At the beginning of my third trimester, I discovered a lump on my neck and spent the next month terrified that I'd be diagnosed with terminal cancer. And I will never forget the kindness of the playschool parents who were there for me during that scary time, from those poor people who'd innocently ask how I was and be met with floods of tears to the ones who reassured me, who shared their own scary stories with satisfying outcomes, and who promised I'd be fine. They were the same people who celebrated with me when we got the good news that all was benign. These people, these amazing women—I hadn't even known them a few months before, but I think they saved my life. 

And they continued to do so as my pregnancy progressed, helping me out on my co-op shifts and picking up my slack when I had to sit down or leave to pee all the time. During the final days when I was busy with midwife appointments and ultrasounds, playschool parents were there for us to care for Harriet and fetch her from school. Everybody was waiting: every morning my husband would deliver Harriet to school, and they'd ask him: no baby yet? We tried everything. I recall the look of horror on another parents' face when he arrived during Circle Time and caught a woman (me!) nearly ten months pregnant shaking her sillies out, but I was desperate. Would this baby ever be born?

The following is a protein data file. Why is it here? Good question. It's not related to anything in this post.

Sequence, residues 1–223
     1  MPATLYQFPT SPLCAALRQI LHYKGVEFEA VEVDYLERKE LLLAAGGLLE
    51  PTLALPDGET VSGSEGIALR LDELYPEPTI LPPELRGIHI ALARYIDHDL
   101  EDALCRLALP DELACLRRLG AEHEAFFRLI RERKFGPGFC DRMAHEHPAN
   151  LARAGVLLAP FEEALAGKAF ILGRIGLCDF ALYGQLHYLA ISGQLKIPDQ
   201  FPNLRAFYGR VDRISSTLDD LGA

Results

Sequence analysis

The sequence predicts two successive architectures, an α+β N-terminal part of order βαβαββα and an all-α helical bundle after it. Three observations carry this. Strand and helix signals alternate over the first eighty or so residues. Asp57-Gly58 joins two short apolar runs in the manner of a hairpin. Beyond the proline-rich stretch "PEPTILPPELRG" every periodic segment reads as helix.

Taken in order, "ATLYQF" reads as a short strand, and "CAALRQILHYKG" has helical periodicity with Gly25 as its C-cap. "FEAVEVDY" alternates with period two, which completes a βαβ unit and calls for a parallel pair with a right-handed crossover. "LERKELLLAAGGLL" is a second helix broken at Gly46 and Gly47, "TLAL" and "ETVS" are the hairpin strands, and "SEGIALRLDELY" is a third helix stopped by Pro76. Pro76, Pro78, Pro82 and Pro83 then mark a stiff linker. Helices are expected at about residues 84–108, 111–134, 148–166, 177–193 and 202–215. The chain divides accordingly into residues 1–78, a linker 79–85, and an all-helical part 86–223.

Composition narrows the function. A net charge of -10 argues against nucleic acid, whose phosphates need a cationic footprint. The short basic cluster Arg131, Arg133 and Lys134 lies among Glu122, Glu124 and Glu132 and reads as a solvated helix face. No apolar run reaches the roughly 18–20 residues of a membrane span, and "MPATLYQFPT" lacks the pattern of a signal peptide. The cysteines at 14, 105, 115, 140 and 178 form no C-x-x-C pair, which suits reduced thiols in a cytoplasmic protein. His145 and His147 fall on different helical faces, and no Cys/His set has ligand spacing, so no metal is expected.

But she was—her birth announced in the Scribbler—and the next year we returned to playschool with Iris in her carrier on my chest, sleeping and waking. She was the class pet, and never minded the attention. We measured her progress by how far she could creep or crawl across the room. It was not long before she was sitting up on the carpet she hadn't been born upon, gnawing on piece of Kapla to soothe her aching gums. And that year I learned something fundamental about playschool, which was that even though the people were different, they were also always the same. Different individuals, I mean, but the same community, the same vibe.